In the Denver exurb of Parker, Tailgate Tavern and Grill owner John Jordan accused county officials of “overreach” for banning indoor dining. He told Colorado Community Media’s Nick Puckett, “For them to just shut us down without shutting down big-box stores — they’ve been doing this now for nine months, hurting small business.” He continued, “They’re hurting small business. They’re letting the corporations and the big guys stay open with no restrictions.”
Much like what happened during Prohibition: “Good intentions” always seemed to hurt local small business owners and their employees, while well-connected major players made out just fine.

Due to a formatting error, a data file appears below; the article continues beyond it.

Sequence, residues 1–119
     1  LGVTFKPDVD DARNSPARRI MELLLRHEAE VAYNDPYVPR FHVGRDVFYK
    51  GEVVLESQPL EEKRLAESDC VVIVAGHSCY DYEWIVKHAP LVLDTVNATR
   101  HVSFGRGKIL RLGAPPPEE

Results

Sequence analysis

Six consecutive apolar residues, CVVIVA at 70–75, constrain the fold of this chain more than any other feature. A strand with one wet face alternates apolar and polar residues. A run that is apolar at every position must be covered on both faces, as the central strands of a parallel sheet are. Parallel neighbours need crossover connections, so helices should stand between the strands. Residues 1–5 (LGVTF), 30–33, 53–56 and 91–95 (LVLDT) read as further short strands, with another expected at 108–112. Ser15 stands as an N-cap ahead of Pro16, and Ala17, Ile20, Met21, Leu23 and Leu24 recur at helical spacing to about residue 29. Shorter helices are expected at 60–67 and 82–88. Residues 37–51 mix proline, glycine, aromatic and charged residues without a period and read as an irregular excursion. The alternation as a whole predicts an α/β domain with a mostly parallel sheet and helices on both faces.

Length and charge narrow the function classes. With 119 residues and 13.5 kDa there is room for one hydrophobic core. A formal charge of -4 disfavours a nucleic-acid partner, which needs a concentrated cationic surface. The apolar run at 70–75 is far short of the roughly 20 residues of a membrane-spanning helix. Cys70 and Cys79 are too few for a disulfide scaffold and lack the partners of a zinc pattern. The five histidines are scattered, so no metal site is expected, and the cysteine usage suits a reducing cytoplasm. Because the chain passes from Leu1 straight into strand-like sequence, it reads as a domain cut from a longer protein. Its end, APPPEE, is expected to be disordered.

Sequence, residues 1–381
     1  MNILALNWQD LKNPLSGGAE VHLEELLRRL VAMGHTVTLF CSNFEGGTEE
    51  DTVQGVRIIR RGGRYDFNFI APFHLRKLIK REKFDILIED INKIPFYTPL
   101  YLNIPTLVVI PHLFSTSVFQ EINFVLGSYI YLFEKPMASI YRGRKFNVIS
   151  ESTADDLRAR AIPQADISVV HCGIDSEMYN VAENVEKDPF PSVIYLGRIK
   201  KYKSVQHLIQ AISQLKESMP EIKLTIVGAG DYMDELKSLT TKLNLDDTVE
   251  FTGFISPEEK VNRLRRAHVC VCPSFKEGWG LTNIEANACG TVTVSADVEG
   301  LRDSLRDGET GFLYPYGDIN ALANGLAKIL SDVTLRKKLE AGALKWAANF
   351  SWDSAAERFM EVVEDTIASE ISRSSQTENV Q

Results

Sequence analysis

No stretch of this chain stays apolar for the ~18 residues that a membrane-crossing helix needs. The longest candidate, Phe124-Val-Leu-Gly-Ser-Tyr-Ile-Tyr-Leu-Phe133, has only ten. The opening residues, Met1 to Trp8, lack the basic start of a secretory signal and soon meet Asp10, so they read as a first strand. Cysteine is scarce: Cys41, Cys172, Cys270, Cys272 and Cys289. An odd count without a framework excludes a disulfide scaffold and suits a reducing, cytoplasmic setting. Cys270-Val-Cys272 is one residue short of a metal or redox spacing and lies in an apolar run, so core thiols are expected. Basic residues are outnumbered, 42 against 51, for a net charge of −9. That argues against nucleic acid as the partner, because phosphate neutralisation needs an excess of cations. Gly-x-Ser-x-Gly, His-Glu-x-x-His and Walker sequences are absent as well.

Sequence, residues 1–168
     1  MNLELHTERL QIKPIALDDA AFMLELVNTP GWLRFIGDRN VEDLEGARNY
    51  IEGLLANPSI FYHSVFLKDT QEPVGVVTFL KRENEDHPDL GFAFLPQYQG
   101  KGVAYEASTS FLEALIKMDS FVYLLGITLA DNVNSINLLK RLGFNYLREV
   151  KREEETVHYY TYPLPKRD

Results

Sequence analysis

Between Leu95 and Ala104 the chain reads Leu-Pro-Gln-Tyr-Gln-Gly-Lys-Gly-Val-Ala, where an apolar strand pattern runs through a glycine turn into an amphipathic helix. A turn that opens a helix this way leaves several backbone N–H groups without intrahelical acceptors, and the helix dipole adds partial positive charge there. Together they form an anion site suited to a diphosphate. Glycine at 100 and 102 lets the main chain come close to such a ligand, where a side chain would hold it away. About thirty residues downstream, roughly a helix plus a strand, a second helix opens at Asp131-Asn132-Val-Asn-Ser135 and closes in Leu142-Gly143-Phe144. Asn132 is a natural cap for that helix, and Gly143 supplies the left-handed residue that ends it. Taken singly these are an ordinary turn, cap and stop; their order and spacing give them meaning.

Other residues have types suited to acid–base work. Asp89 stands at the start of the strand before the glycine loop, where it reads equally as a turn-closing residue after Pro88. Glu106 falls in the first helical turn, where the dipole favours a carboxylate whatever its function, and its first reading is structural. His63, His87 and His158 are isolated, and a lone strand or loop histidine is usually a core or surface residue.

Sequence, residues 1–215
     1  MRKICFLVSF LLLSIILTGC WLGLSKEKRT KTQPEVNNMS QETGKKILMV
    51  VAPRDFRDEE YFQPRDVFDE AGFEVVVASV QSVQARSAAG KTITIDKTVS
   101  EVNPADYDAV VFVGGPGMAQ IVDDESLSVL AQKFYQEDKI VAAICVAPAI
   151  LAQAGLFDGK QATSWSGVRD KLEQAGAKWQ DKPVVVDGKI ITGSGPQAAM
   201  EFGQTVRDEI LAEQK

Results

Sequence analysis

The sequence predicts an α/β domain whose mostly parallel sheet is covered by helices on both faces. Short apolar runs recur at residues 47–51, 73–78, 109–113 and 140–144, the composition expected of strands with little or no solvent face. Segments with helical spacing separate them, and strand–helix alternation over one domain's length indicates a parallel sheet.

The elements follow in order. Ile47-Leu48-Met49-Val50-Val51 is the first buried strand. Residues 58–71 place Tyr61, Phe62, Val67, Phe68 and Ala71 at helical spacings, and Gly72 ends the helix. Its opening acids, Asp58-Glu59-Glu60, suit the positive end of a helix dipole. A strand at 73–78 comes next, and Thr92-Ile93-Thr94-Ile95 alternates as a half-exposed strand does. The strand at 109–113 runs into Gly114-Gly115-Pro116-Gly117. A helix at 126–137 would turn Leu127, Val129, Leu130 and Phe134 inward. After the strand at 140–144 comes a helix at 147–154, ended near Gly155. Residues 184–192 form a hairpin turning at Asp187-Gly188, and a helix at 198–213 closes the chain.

If you missed Monday’s Insanity Wrap, this social media video posted by a Los Angeles restauranteur will give you an idea of just how arbitrary the shutdown orders are.
If you have the mayor’s (or governor’s) ear, you can do almost anything you could do pre-COVID. Everyone else is getting smothered to death like a Prohibition-era brewpub — but with less justification. Prohibition was a terrible idea, but it was an amendment to the Constitution. Today’s capricious shutdowns are done under no such authority.
Mostly, it seems to be the hamfisted hypocrisy that’s really getting to people.
Here’s another Los Angeles chef, Andrew Gruel, explaining why he’ll keep his two restaurants open despite the renewed ban on indoor dining.
Another update from the mind of a business owner being shutdown. pic.twitter.com/z7AHWoQuxD
— Chef Andrew Gruel (@ChefGruel) December 4, 2020